As a result, the XFL rules in this area had to be flipped to almost the opposite of the prior implementation. The following year draft order was changed to 2, 3, 4, etc, 14, 15, 1. In other words, only the league winner was disadvantaged the next season and in the process, there became a clear reason to want to finish second instead of third, for example.

But here comes some of that inconsistency. In FAAB leagues, I have experienced some team owners in contention expressing concern about teams out of the hunt continuing to aggressively bid on players as the season nears its end.

I guess they feel it is more chivalrous for the losers to step aside for the winners. I don’t buy it.

I am in the also-ran group in NL Tout this year, with considerable money remaining. I will continue to compete to the best of my ability, whether in first or 11th place. For the life of me, I cannot imagine why any reasonable person would expect otherwise, but they are out there.

Fantasy football can be just the opposite.

Because of the head-to-head nature of the pigskin game and the relatively limited number of matchups each season, teams that quit trying are invariably attacked violently by their peers.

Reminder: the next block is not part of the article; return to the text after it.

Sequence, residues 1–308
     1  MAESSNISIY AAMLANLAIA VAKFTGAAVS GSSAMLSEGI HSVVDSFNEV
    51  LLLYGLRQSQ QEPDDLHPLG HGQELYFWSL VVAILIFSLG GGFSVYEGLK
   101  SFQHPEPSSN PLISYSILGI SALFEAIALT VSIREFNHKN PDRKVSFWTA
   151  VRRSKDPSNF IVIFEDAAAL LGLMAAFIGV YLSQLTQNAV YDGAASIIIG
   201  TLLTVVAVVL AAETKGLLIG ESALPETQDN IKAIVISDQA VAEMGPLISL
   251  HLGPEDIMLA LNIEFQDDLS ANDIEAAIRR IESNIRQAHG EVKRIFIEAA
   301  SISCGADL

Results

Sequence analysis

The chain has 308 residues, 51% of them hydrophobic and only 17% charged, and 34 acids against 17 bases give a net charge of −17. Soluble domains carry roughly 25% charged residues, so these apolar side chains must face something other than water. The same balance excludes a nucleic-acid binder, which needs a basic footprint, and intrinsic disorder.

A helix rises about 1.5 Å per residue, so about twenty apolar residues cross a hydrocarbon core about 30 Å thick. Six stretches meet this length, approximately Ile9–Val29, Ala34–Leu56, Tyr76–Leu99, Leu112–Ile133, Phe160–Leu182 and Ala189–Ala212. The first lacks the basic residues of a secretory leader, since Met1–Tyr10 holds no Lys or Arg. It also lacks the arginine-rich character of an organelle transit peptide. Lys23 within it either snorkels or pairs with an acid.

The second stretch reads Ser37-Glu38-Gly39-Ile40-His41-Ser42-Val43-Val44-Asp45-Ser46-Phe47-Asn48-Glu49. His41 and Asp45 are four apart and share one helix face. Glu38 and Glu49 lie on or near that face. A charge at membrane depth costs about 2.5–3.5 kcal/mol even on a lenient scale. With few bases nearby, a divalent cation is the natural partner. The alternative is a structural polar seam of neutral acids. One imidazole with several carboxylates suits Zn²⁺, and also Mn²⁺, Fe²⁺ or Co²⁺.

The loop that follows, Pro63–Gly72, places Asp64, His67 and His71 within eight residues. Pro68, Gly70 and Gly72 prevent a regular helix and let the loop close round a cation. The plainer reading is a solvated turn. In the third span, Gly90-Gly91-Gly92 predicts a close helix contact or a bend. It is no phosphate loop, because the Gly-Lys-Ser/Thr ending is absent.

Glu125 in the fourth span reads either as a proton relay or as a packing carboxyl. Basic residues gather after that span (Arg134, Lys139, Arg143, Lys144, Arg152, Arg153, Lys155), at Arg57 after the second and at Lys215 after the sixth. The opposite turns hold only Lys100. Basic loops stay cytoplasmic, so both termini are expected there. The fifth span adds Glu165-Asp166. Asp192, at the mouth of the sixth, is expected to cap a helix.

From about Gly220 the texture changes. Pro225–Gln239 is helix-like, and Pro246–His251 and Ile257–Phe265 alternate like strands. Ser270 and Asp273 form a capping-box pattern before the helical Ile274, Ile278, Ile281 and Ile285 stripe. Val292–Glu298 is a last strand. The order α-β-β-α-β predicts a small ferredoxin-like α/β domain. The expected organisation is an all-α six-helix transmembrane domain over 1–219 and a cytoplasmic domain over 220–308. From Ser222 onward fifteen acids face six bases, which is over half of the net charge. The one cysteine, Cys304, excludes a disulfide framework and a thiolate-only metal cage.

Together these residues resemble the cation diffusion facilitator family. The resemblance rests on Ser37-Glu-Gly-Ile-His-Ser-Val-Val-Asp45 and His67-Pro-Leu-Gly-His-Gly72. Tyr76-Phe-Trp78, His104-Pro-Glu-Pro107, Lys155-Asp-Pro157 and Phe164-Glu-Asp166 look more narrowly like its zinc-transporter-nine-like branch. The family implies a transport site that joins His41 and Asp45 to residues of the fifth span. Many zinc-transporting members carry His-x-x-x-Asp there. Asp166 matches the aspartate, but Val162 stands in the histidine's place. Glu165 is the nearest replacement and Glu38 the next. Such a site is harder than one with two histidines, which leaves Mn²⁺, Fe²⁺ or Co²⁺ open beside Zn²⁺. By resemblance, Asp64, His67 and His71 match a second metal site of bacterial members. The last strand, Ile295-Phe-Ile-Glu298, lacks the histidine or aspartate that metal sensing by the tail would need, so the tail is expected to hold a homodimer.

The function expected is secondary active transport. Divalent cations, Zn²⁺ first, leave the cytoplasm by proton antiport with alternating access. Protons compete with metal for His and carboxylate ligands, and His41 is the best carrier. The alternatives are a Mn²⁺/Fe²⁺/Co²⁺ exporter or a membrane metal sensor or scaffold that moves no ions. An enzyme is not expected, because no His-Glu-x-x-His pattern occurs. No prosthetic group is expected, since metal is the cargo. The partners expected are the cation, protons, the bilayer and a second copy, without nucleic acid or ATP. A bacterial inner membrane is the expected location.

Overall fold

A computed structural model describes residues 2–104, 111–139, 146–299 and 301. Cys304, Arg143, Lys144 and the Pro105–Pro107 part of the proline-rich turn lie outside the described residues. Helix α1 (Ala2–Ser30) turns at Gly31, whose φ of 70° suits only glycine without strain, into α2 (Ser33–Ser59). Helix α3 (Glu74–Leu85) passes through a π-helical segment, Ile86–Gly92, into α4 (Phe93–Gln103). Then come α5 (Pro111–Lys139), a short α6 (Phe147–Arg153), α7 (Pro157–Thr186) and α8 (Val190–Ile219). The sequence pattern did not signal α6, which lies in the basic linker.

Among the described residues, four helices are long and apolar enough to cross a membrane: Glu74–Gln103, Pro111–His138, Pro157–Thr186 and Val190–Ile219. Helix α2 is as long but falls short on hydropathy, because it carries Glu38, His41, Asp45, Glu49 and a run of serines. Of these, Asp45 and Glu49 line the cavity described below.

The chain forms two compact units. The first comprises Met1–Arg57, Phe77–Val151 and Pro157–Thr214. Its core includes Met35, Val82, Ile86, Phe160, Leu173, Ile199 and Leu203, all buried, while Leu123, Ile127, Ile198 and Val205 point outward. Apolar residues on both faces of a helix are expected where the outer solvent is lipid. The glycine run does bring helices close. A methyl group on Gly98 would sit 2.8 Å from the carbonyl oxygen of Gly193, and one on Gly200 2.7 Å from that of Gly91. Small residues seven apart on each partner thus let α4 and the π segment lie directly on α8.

After all, if I had to play the eventual weak sisters early in the season when they were still interested in their teams, but my main competitors did not draw the quitters until later in the year, I would be upset. Picking up an easy late-season win over a team with a blank roster or a crew of injured players active could decide the title.

So, fantasy football’s unwritten rule is to “compete to the end,” while the answer in some corners of the fantasy baseball world is “maybe not.” That is not the case where I play, however.

Brian Walton was the 2009 National League Tout Wars champion, scoring the most points in the league’s 16-year history. He also holds the all-time NL Tout single-season records for wins and saves. His work can also be found daily at TheCardinalNation.com and thecardinalnationblog.com. Follow Brian on Twitter.